When asked what the title gathering is all about midway through "The Cookout," blandly directed by Lance Rivera (his debut), one of the characters spells it out like this: "A cookout is all about the three F's: fun, food, and family." If only the film itself had taken Em's (Jenifer Lewis) wise advice, the project might have been in good hands. There is certainly an extended family present in "The Cookout," and there's deep-fried food on display, but the all-important fun is nowhere to be found. Most of the characters are an insufferable lot, not really even enjoying themselves at the said cookout, while unnecessary racist jokes, stereotypical homosexual portrayals, witless physical slapstick, and potential gun violence fill the bulk of the running time. When things occasionally try to turn serious, sermonizing the importance of families and togetherness, it feels heavy-handed and out of place, not acting on the lessons it tries to stuff down the viewer's throat until, ultimately, it is too late.
Todd Anderson (Storm P) is a star basketball player who has just been drafted to his home team, the New Jersey Nets, a deal that promises him a $30-million pay day. Much to the chagrin of his down-home mother, Em, and his manager, Wes (Jonathan Silverman), who warns him to spend his money wisely until he is assured the handsome salary, Todd promptly buys a mansion in an affluent, predominantly white private neighborhood. On the day Todd is visited by a lady considering him for endorsements, word accidentally gets out that a cookout is underway. Soon, the house is filled with his highly varied, boisterous family members, and Todd must do everything in his power to control his relatives and win over the sponsor. He also has time to rekindle the flame with childhood best friend Becky (Eve), who is much more suited for him than his current gold-digging girlfriend, Brittany (Meagan Good).
With five credited screenwriters on display and three more credited to the story (including Queen Latifah, who also produces and makes the longest "special appearance" in film history as an outspoken, sassy rent-a-cop), "The Cookout" is both overstuffed to the gils and undernourished to the point where there really is no driving plot to speak of. In the place of material that might have held a driving force for the audience's interest, there are three handfuls of subplots, most of them more irritating that beguiling. Bling Bling (Ja Rule) and Weezer (Ruperto Vanderpool) are two hoods out to force Todd to sign a collection of sneakers as a way of making fast money. Queen Latifah's (2003's "Bringing Down the House
") bumbling security guard is immediately suspicious of the black folks moving into the estate, but all she truly wants is to be promoted to real police officer. Wisecracking, heavy-set twins (Jerod Mixon, Jamal Mixon), cousins of Todd's, laugh their way through pot smoke, but, this being a forced-upon PG-13 comedy, the drug paraphernalia is never glimpsed and a lot of jarring cuts occur throughout just as characters are about to curse. The neighbors (Farrah Fawcett and a white-washed Danny Glover) fear for their safety as the cookout heats up, and are soon forced into joining in on the festivities. And Em does everything in her power to get the money-hungry Brittany out of the picture, sending her on a wild goose chase for a high-sodium boned ham. No mention has even been made of the jealousy Em's sister has for her and Todd's success, or the always-pregnant ho-bag out to snatch her kids a rich daddy, or the well-dressed, lawyer-wannnabe uncle (Tim Meadows) who, after nine tries, has yet to pass the bar exam.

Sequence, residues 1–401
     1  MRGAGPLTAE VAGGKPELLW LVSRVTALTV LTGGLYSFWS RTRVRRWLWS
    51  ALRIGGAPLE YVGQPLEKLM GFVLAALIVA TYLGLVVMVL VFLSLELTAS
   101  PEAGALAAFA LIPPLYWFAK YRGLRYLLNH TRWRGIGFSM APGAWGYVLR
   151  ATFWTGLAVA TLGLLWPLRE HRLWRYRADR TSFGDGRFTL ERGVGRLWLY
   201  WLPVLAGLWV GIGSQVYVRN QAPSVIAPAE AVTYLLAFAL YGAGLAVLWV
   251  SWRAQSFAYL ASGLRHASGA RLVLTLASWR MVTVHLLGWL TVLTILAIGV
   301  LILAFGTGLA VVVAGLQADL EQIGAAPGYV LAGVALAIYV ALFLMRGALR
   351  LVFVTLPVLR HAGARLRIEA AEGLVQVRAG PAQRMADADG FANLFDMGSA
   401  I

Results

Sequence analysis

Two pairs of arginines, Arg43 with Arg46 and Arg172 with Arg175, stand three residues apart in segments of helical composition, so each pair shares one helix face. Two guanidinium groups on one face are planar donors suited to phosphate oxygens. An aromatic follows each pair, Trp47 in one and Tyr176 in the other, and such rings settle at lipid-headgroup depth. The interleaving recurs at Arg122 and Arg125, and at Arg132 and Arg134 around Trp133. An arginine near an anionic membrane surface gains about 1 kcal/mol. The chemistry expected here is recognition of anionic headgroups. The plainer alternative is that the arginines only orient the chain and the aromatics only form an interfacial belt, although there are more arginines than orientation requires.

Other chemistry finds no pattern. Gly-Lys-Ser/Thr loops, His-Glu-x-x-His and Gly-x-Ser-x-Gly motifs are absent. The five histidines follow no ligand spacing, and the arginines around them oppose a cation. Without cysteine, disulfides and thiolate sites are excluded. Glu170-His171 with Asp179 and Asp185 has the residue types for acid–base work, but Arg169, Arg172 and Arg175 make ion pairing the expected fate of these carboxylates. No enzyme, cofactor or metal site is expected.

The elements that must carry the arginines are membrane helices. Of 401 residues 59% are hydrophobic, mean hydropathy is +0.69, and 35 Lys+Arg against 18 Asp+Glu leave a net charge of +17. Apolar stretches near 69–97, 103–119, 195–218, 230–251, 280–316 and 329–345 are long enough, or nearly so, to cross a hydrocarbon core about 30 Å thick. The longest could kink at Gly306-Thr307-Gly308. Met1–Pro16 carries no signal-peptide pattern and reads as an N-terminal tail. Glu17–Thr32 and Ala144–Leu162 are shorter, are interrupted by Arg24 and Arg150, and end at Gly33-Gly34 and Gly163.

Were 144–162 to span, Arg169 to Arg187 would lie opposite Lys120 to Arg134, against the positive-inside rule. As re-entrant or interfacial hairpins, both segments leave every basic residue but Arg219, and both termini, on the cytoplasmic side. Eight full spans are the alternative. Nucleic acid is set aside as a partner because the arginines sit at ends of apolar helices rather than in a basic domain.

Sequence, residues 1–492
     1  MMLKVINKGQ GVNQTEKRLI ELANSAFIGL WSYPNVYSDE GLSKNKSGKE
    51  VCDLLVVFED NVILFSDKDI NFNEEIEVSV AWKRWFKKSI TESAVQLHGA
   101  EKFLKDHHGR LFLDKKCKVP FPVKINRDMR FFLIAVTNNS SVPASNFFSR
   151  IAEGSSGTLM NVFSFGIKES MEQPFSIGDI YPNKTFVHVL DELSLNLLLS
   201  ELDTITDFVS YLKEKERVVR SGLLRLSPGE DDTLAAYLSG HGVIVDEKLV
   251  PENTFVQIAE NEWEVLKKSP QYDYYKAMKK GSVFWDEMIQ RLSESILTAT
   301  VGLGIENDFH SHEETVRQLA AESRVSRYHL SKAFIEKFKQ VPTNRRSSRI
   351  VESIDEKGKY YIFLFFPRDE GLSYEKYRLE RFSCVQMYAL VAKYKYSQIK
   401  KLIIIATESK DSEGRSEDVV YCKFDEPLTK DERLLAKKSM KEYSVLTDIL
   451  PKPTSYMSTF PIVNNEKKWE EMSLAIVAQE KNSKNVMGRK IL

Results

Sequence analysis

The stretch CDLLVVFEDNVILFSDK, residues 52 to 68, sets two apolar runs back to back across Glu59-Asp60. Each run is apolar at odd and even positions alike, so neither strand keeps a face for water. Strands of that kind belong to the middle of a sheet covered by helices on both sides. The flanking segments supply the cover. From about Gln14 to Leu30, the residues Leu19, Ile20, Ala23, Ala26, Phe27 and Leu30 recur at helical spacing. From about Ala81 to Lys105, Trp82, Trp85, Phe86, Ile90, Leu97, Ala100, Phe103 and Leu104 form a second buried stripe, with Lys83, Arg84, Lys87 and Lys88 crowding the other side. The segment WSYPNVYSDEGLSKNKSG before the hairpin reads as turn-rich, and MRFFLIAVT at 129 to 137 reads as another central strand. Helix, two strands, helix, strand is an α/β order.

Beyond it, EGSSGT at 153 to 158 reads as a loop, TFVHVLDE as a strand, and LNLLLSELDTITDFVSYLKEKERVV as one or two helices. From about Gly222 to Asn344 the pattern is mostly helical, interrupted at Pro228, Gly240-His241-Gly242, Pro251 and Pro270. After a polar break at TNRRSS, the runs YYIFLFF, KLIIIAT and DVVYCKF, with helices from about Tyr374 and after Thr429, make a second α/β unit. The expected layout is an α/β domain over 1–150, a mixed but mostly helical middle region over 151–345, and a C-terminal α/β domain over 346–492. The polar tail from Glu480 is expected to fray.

Jenifer Lewis (2002's "Juwanna Mann
") gets a few zippy one-liners and adds a sense of class as Todd's caring, set-in-her-ways mother, Em, but the rest of the diverse cast mug for the cameras in desperate ways. The ensemble is, no doubt, a novel onewhat other movie will you ever see featuring Ja Rule, Farrah Fawcett, Queen Latifah, Danny Glover, and Vincent Pastore?but they are wasted in one-dimensional, borderline-offensive parts. As the girl Todd is meant to be with, Becky, Eve (2004's "Barbershop 2: Back in Business
") shows up for five minutes, holds no chemistry with any of her co-stars, and cashes a quick paycheck. As Bling Bling's smoking, wheezing sidekick, Wheezer, Ruperto Vanderpool is insufferably awful and never funny, while Ja Rule (2003's "Scary Movie 3
") is not much better. Farrah Fawcett's (2000's "Dr. T and the Women
") job is to look shocked and scared at the sight of her black neighbors, even though she has a black husband herself. The jokes don't get any more clever than that. Har-har.
In its own misguided way, "The Cookout" means well, and every now and again a glimmer of genuine sweetness threatens to shine through (mostly stemming from Jenifer Lewis' strong work), but it is all for naught in the long run. "The Cookout" is flatly lensed by cinematographer Tom Houghton (one daytime scene was so clearly filmed at night that it elicits confusion), but what is more problematic is how dumbed-down the premise and characters are. These threadbare people don't pass muster as actual human beings for a second, at the mercy of a screenplay that prefers gimmicky plotting and dim, laughless comedynot to mention some strangely discriminatory material passing as frothy schtickover believable human interactions and natural story developments. "The Cookout" holds a smug, mean-spirited undercurrent, made all the more rotten by an attempted sincerity as false as a set of dentures.